While Sneak Attack isn’t terribly difficult to land in most situations, this ability helps make sure that you are never without your Sneak Attack damage.
If you don’t have an ally next to you and don’t have somewhere to hide, Insightful Fighting will be your best friend!
The Inquisitive Rogue’s next ability comes at level 9 and it’s a doozy!
With Steady Eye, if you move no more than half of your speed on your turn, you gain advantage on any Wisdom (Perception) or Intelligence (Investigation) checks you make that turn.
This takes the best part of the Inquisitive archetype up to this point and makes it better. Having advantage on both of these skills is very impressive. Hidden creatures will have virtually no chance of ambushing your party and you can possibly breeze straight through puzzles with a good Investigation.
While this ability has some major effects on your other abilities, there’s not much more to say about it. It makes the bread and butter features of the Inquisitive Rogue that much better!
At level 13, the Inquisitive Rogue is remarkably difficult to trick.
As an Action, you sense magic that is meant to deceive your senses within 30 feet of you. This includes illusions, shapechangers who aren’t in their original form, or any other such magical trickery.
While this ability doesn’t let you know what’s being hidden or what something’s true nature is, you can determine that it is a trick.
You can use the Unerring Eye ability a number of times equal to your Wisdom modifier per long rest. Additionally, you can’t use this ability if you have been blinded or deafened.
In most cases, illusions can overcome Perception checks unless you interact with the illusion in some way. You clearly see the thing that the illusion is creating, but you don’t disbelieve it unless you interact with it in some way.
This ability can potentially determine things that even Detect Magic wouldn’t find. Shapechanger creatures aren’t typically able to be noticed by Detect Magic, so the Inquisitive does set themselves apart if you’re trying to track an elusive Doppelganger or Changeling.
Eye for Weakness
The final Inquisitive Rogue ability, Eye for Weakness, comes at level 17.
This ability adds some extra bite to your attacks against a creature that you are using your Insightful Fighting on. By anticipating their tactics, your Sneak Attack damage against the creature increases by 3d6.
While this ability doesn’t crank out the same damage as, say, an Assassin, it is a respectable increase!
This ability shines best in fights that tend to go on a bit longer. While an Assassin can do a boatload of damage at the beginning of combat, the Inquisitive is theoretically dealing an extra 3d6 every round. In a boss fight, for example, this does give the Inquisitive some staying power!
Eye for Weakness is a nice little punctuation for the Inquisitive’s features. It’s a respectable damage increase that doesn’t deviate from the archetype’s primary role or feel too forced.
With Inquisitive Rogues being that type of classic detective, they can easily be connected into the party/world by the presence of some kind of mystery.
They might have a burning question that joining the party might help them find answers to.
You can find inspiration for these types of characters all throughout a ton of fiction. Sherlock Holmes, Hercule Poirot, and Nancy Drew all immediately come to mind. You might even find inspiration in other characters like Batman or Watchmen’s Rorschach.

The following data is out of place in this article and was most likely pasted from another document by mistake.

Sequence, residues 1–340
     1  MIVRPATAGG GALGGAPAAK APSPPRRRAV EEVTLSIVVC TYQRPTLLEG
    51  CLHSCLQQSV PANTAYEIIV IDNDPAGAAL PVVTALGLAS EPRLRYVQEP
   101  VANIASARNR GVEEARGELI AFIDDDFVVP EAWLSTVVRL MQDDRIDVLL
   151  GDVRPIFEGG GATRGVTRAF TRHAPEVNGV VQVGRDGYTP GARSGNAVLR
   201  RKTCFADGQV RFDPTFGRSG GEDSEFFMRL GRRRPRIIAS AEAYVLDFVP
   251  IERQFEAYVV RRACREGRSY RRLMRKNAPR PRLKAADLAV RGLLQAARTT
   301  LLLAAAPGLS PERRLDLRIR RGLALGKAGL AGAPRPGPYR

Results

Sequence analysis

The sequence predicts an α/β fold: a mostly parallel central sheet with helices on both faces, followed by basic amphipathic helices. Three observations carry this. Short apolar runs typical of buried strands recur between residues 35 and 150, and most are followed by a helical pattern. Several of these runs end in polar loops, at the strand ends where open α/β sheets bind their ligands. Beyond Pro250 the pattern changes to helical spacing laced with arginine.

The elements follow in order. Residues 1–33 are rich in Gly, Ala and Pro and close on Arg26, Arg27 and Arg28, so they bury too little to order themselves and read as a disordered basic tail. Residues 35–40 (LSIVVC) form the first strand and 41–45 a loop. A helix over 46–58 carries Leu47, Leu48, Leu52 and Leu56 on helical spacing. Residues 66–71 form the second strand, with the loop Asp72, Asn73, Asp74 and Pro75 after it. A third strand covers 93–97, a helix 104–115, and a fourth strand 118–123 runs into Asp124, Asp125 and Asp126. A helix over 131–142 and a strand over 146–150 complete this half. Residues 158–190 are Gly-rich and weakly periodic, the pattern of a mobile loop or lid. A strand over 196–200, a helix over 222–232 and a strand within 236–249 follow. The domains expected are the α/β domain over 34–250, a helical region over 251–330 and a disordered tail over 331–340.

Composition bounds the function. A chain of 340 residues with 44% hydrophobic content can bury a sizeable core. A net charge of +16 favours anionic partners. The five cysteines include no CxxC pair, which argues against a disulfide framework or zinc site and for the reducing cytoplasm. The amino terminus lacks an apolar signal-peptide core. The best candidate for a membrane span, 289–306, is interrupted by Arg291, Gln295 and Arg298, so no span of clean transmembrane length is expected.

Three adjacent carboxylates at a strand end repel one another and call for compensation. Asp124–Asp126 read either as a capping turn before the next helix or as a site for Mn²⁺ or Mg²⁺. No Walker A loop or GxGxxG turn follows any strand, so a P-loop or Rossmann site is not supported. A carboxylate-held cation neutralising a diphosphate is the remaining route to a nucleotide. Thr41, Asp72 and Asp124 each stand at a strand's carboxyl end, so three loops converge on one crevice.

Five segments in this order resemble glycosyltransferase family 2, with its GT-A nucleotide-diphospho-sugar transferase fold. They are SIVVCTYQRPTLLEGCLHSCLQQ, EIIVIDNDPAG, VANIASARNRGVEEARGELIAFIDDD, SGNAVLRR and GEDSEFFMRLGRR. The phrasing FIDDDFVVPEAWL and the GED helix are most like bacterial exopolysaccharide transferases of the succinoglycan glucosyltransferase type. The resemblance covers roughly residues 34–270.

However the Inquisitive comes to connect with the party or the world around them, it’s unlikely to be by chance. These characters tend to be very methodical and always have a plan.
Though, admittedly, an Inspector Clouseau type of Inquisitive could certainly provide for some interesting comedic relief!
Is Inquisitive Rogue Good?
As mentioned previously, the Inquisitive Rogue doesn’t get abilities that lend to a strong combatant. However, they do function very well as scouts, lie detectors, and problem-solvers.
No subclass is better equipped to find all of an adventure’s juicy secrets and disarm all of its deadly traps than the Inquisitive.
It might be easy to disregard this archetype because of their lack of emphasis on combat, but I would beg to differ.
The Inquisitive Rogue’s features are incredibly valuable for a party’s survival and this class is a great pick for someone who loves ruining the DM’s plans.
As someone who loves to “100%” everything, I’ve been consistently drawn to this class. The abilities of the Inquisitive to leave no stone unturned mean that it’s unlikely you won’t find everything that a dungeon is hiding.
As with almost any class, you’ll want to consider the party’s composition and the type of adventure that your group is playing. While I would say that the Inquisitive Rogue is a good class, it won’t really get to play as intended in every adventure or group.
With the release of Candlekeep Mysteries, Inquisitives will finally get more of the love that they deserve in campaigns that really let them flex their abilities!
Conclusion – The Inquisitive Rogue in D&D 5e Guide
And that’s our guide to the Inquisitive Rogue in D&D 5e!
The ideas of a Wisdom-based Rogue is definitely an interesting one and it does a lot to reimagine the Rogue’s role in the party.
Of all of the Rogue subclasses, I don’t think I’ve come across one that’s more divisive than this one, to be honest. Those who like it, really love it. Those who don’t, absolutely hate it.
I think it comes down to a mix of the type of campaign being played and what your individual ideas of what a Rogue “should be” are.
What do you think?
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And don’t forget to check out my Complete Guide to the Rogue in 5e by clicking here!
(C’mon. There had to be at least one Sherlock Holmes reference in here!)